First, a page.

Courses - Fall 2020

ASTRO 1101 From New Worlds to Black Holes

 

Distribution: (PBS-AS)
Academic Career: UG Instructor: James Lloyd (jl554)
Full details for ASTRO 1101 : From New Worlds to Black Holes
ASTRO 1103 From New Worlds to Black Holes

Identical to ASTRO 1101 except for addition of the laboratory.

Distribution: (PBS-AS)
Academic Career: UG Instructor: James Lloyd (jl554)
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ASTRO 1195 Observational Astronomy

Provides a "hands-on" introduction to observational astronomy intended for liberal arts students. High school mathematics is assumed, but otherwise there are no formal prerequisites. The course objective is to learn how we know what we know about the Universe, and to learn how to observe with moderate cost amateur telescopes. There are two lectures and one evening laboratory per week. Typically, labs consist of 4-5 observing sessions using the Fuertes Observatory 12" telescope and a set of Meade 8" telescopes, a trip to Mount Pleasant to look through its 25" telescope and, on cloudy nights, 4-5 in-class experiments, the highlight of which is collecting micrometeorites for study.

Distribution: (PBS-AS)
Academic Career: UG Instructor: Gordon Stacey (gjs12)
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ASTRO 2202 A Spacecraft Tour of the Solar System: Science, Policy and Exploration

Writing course designed to develop an understanding of modern solar system exploration. Discussion will center on describing our home planet as a member of a diverse family of objects in our solar system. In addition to studying what we have learned of other planets and satellites from unmanned spacecraft, we will also discuss the missions themselves and describe the process of how they are selected and developed. Guest lecturers will include political advocacy experts, NASA officials, and science team members of active NASA/ESA missions. Participants will study, debate, and learn to write critically about important issues in science and public policy that benefit from this perspective. Topics discussed include space policy, the potential for life in the ocean worlds of the outer solar system, the search for extrasolar planets and extraterrestrial intelligence, and the exploration of Mars.

Distribution: (PBS-AS)
Academic Career: UG Instructor: Julie Rathbun (jar24)
Full details for ASTRO 2202 : A Spacecraft Tour of the Solar System: Science, Policy and Exploration
ASTRO 2212 The Solar System: Planets, Small Bodies and New Worlds

Introduction to the solar system with emphasis on the quantitative application of simple physical principles to the understanding of what we observe or can deduce. Topics include the formation and evolution of the solar system, the interiors, surfaces, and atmospheres of the planets including the effects of greenhouse gases on climate, and smaller bodies such as satellites, asteroids and comets.  Comparisons will be made between planetary systems discovered about other stars and our own solar system. Results from past and current spacecraft missions will be discussed. Final grades will depend on homework sets and on a final team project and in-class presentation, supported by a joint term paper. The course is more in-depth than ASTRO 1102/1104. All course materials will be available online.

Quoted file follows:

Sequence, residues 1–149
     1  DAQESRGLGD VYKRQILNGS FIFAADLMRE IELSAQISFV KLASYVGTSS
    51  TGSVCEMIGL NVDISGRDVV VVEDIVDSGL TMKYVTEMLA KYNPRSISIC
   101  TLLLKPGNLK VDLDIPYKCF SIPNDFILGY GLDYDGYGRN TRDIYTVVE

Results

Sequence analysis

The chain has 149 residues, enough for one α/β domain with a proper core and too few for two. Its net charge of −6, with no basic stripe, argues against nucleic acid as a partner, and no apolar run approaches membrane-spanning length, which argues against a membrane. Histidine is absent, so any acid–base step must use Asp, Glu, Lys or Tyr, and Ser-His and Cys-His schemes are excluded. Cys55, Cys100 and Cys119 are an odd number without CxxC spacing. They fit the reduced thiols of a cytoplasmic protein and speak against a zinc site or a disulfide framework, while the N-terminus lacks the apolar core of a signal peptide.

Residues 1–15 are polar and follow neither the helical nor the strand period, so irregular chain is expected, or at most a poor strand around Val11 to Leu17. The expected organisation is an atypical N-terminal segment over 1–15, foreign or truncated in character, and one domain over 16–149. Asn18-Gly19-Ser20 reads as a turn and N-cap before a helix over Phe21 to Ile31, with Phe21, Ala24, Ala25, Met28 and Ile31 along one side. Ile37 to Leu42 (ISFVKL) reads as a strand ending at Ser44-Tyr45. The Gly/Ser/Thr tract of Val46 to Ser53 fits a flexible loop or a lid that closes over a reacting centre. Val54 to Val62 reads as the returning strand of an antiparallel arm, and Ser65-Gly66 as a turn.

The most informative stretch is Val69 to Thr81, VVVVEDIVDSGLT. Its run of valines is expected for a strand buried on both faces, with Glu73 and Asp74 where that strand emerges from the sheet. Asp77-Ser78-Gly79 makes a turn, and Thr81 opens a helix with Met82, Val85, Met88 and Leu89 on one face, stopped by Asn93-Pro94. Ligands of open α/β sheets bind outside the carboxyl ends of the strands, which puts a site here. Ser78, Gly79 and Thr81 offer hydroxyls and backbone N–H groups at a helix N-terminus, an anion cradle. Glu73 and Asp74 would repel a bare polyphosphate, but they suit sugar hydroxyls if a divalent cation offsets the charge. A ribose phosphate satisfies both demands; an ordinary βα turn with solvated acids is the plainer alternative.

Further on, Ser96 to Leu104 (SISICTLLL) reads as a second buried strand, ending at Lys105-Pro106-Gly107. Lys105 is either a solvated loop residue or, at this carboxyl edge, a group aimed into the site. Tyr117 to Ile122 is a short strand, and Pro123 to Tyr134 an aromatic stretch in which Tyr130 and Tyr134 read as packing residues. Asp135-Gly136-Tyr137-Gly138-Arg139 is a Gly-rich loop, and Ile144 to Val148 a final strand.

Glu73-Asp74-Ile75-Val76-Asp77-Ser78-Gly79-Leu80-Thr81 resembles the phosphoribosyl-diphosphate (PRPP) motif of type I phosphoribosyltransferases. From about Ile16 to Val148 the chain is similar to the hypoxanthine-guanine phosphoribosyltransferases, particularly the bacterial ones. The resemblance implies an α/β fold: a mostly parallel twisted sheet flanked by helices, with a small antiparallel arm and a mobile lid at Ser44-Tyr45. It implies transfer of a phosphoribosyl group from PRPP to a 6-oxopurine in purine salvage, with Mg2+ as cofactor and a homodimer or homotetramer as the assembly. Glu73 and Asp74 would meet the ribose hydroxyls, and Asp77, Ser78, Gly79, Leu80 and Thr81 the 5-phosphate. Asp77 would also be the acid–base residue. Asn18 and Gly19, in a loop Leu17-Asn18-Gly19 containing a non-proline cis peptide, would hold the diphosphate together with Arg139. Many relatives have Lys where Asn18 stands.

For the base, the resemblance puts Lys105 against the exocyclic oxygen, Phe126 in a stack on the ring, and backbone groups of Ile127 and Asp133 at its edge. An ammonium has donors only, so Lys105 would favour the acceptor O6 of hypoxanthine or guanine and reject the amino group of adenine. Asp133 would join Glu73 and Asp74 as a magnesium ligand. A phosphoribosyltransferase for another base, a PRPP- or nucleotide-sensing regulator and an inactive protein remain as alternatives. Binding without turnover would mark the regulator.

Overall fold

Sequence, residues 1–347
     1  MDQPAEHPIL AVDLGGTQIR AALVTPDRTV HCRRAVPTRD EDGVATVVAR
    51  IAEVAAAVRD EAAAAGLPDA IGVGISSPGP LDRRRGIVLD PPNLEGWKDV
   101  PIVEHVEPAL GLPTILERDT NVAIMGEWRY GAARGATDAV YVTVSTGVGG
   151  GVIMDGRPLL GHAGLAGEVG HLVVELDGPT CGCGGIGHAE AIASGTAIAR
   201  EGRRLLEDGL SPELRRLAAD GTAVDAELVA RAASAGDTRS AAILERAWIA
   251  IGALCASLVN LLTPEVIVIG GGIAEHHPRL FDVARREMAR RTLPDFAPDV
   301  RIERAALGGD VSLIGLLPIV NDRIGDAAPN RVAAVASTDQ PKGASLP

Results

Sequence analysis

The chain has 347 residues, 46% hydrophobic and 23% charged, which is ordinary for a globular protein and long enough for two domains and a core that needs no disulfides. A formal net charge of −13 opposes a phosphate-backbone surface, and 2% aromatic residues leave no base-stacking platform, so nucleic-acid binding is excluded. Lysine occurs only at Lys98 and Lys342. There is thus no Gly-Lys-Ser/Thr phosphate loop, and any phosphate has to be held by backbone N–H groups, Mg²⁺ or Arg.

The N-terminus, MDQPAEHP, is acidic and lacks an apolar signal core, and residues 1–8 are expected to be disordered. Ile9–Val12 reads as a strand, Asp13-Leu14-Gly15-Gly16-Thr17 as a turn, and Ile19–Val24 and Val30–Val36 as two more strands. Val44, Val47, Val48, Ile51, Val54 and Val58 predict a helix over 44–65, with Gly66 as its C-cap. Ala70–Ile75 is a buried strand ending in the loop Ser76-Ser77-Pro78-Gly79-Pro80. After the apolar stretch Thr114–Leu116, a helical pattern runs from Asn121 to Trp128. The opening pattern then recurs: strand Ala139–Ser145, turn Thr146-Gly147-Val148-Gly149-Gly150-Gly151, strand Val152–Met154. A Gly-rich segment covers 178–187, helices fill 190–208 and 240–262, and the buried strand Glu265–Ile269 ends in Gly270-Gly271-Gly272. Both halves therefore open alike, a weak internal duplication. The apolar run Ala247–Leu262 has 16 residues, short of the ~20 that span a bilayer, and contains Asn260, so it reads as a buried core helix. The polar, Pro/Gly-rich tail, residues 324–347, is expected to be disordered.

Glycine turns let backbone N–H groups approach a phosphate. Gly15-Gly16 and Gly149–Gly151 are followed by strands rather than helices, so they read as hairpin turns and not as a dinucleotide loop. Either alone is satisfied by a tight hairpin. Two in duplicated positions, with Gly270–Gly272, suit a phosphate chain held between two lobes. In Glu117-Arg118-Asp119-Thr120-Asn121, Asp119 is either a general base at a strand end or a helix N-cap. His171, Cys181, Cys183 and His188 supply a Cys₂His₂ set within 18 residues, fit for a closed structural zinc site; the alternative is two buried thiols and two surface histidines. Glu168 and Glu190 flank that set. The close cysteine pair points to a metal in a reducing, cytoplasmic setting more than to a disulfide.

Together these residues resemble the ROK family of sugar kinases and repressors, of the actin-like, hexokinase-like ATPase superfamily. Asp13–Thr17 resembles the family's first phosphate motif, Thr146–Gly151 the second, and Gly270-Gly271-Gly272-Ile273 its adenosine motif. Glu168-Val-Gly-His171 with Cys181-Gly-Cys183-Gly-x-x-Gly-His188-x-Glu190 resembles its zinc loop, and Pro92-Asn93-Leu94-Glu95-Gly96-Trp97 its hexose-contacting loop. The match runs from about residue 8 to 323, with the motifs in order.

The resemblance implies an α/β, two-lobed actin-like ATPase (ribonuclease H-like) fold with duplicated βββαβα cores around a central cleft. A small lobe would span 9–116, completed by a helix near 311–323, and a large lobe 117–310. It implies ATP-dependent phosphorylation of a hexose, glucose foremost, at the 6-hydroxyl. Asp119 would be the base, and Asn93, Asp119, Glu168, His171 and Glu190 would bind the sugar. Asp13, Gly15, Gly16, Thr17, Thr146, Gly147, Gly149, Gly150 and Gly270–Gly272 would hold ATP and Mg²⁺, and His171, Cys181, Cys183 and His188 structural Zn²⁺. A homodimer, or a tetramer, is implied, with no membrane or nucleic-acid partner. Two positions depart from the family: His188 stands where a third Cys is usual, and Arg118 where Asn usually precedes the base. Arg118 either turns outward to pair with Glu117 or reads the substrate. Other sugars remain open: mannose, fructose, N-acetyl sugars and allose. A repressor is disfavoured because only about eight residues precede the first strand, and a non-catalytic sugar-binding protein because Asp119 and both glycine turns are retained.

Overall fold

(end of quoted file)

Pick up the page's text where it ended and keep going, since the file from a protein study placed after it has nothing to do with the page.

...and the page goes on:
Distribution: (PBS-AS)
Academic Career: UG Instructor: Phil Nicholson (pdn2)
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ASTRO 3301 Exoplanets and Planetary Systems

Hundreds of planets around other stars have been discovered over the past two decades, and many more discoveries are sure to come.  How are these discoveries made and what are the properties of these exoplanets and their systems?  How exotic can we expect exoplanets to be?  Is our solar system a typical planetary system or something unusual? How common are planets like Earth?  How might we determine whether exoplanets can host life, or do host life?  These and other issues related to planetary formation and evolution will be discussed.

Distribution: (PBS-AS)
Academic Career: UG Instructor: Nikole Lewis (nkl35)
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ASTRO 4410 Experimental Astronomy

The course covers methods in optical and radio astronomy and selected topics in astrophysics.  Major experiments use techniques chosen from charge-coupled device (CCD) imaging, optical photometry, optical spectroscopy, radiometry and radio spectroscopy.  Observations use the Hartung-Boothroyd Observatory's 24-inch telescope and a 3.8-meter radio telescope on the roof of the Space Sciences Building.  The course covers the fundamentals of astronomical instrumentation and data analysis applied to a wide range of celestial phenomena: asteroids, main-sequence stars, supernova remnants, globular clusters, planetary nebulae, the interstellar medium, OH masers, and galaxies.  Methods include statistical data analysis, artifact and interference excision, Fourier transforms, heterodyned receivers, and software-defined radio.